Rise of the Triad review

Aimed squarely at the They Don't Make 'Em Like They Used To crowd, this remake of 90s shooter Rise of the Triad might have a somewhat harder time impressing folk who weren't raised on Doom and Duke Nukem.

ROTT is slavishly faithful to its predecessor, despite the addition of relatively modern (but far from universally attractive) graphics. That means huge enemy counts, a wanton disregard for any kind of architectural logic, preposterous weapons and secret areas galore.

In theory there's a story, about an international taskforce vs cultists who look an awful lot like Nazis (this is because the original Rise of the Triad was at one time going to be a sequel to that grandaddy of FPSses, Wolfenstein 3D), but in keeping with the spirit of the time it's a load of old paperthin bobbins that's there purely to facilitate lots and lots of shooting. It's extremely violent, but this is very much Itchy and Scratchy despite the abundant viscera.

Loving ROTT depends heavily on loving its ridiculous, overpowered weapons - dual rocket launchers, homing missiles, walls of flame, mystic fireballs, a baseball bat imbued with godly powers... None are powerful or frequently-appearing enough to bestow invulnerability, but rather they're there to offset any risk of attention deficit disorder. ROTT is madcap, high-speed carnage in where nothing is quite predictable, beyond the essential fact of there being enemies and guns.

The remake is successful in terms of being a riposte to today's shooters' preference for enclosed spaces, ponderous plots and glossy safeness. On the other hand, it feels infinitely shallow, lightweight and even irritating with it. Frankly, the original doesn't have the staying power of Doom or Duke Nukem 3D, and as such the need for a remake was always a little questionable.

Rise of the Triad

The recent likes of Painkiller or Hard Reset found more of a middleground in terms of fusing 90s shooter values with 21st century presentation: despite being clearly well-intentioned and entirely aware of its own silliness, ROTT 2013 is a much more confused-feeling affair. While the weapons are gigantic, firing them at the oddly weightless enemies lacks heft and satisfaction - instead, that has to be won from the constant, high-speed motion.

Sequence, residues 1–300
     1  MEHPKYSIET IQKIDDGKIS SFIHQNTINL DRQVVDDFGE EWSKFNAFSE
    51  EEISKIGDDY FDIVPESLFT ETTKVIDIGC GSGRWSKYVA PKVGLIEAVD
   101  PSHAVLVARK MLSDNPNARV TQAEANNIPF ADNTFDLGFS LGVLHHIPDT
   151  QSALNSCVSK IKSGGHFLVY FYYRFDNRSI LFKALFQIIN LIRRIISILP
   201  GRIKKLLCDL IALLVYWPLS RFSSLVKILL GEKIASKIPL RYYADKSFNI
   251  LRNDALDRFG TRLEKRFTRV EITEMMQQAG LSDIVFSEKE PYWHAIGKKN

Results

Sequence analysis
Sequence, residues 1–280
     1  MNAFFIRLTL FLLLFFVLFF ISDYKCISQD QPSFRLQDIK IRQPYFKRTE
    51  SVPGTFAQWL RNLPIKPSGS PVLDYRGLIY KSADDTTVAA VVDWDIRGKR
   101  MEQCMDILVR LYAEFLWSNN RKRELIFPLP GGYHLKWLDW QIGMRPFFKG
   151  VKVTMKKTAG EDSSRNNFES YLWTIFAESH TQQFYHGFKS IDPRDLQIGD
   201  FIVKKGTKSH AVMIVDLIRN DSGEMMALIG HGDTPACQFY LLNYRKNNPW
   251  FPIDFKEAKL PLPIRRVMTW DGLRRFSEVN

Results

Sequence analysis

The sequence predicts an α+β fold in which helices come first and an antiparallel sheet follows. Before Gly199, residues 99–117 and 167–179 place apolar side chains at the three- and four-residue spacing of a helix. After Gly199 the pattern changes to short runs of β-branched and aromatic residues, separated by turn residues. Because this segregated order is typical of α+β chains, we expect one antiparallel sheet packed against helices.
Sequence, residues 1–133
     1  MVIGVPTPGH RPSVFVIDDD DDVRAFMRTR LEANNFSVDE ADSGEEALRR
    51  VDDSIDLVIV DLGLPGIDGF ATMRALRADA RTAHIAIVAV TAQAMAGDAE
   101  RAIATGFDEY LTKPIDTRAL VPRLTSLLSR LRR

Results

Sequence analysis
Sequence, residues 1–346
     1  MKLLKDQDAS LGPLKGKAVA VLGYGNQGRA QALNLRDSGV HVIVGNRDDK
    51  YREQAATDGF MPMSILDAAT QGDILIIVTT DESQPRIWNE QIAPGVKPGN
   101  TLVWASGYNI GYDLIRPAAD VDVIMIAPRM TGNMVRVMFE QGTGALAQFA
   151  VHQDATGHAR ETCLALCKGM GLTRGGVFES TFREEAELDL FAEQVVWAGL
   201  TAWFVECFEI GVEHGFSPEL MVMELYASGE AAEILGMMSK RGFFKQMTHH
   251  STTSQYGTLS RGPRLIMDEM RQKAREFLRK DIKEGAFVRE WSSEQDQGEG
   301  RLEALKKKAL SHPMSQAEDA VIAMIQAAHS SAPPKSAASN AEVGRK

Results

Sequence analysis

Even if it doesn't quite work all-told, the escalation of enemies and firepower holds a certain draw, as does what's tantamount to an encouragement to cheat. Activate Fly mode in the console and you can use it reach specially hidden areas as well as shortcut your way to the end of the level, while having infinite ammo for the more crazed weapons is a bit of a treat.

Sure, it deactivates Achievements and whatnot, as well as negating what can be a pretty stiff challenge, but hey, what a party it is when you've got unfettered access to all the toys.

Said toys also come to the fore in the multiplayer, which is a world away from the po-faced likes of Call of Duty. It's open carnage out there, as jump pads, magic missiles and floating buildings do their best to subvert familiar tactics. There's something of a shortage of maps at present, so it may not last you long, but the super-enthusiastic developers seem especially committed to supporting the game, so expect more before too long.

It's hard to recommend ROTT 2013 to anyone who didn't play the original - it's unlikely to make  much sense to them, and may well come across as dumb and dated.

On the other hand, at least it's not the hateful exercise in self-indulgence and narcissism that fellow 90s FPS recent do-over Duke Nukem Forever was. ROTT 2013 just wants to have a good time. To a certain extent, it's successful, but it doesn't really make its series seem any less of a dead end than it already was.

Rise of the Triad: Specs

  • OS:Windows XP or Vista 32-bit Processor:2.4 GHz Dual Core Processor or Better Memory:2 GB RAM Graphics:ATI Radeon HD 3870 / NVIDIA 8800 GT DirectX®:9.0 Hard Drive:7 GB HD space Sound:DirectX Compatible Additional:Multiplayer requires the creation of an account on the ROTT Multiplayer network.
  • OS:Windows XP or Vista 32-bit Processor:2.4 GHz Dual Core Processor or Better Memory:2 GB RAM Graphics:ATI Radeon HD 3870 / NVIDIA 8800 GT DirectX®:9.0 Hard Drive:7 GB HD space Sound:DirectX Compatible Additional:Multiplayer requires the creation of an account on the ROTT Multiplayer network.

OUR VERDICT

The graphics might be updated, but really Rise of the Triad 2013 is nostalgia for nostalgia's sake. If you're bored of today's grey-brown, navel gazing shooters it should raise a few smiles, however.

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